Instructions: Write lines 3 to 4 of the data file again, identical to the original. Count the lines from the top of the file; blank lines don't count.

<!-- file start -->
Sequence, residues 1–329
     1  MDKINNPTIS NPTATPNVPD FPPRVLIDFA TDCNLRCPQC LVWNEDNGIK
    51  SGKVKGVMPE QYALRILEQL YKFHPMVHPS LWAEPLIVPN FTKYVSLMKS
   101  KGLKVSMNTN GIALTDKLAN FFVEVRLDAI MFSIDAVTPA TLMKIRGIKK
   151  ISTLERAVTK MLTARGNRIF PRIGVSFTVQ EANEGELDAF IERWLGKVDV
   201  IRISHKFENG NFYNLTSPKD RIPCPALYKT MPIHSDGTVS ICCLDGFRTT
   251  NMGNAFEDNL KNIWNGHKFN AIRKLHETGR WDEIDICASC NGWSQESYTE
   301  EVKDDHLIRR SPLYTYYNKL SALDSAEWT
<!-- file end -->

    51  SGKVKGVMPE QYALRILEQL YKFHPMVHPS LWAEPLIVPN FTKYVSLMKS
   101  KGLKVSMNTN GIALTDKLAN FFVEVRLDAI MFSIDAVTPA TLMKIRGIKK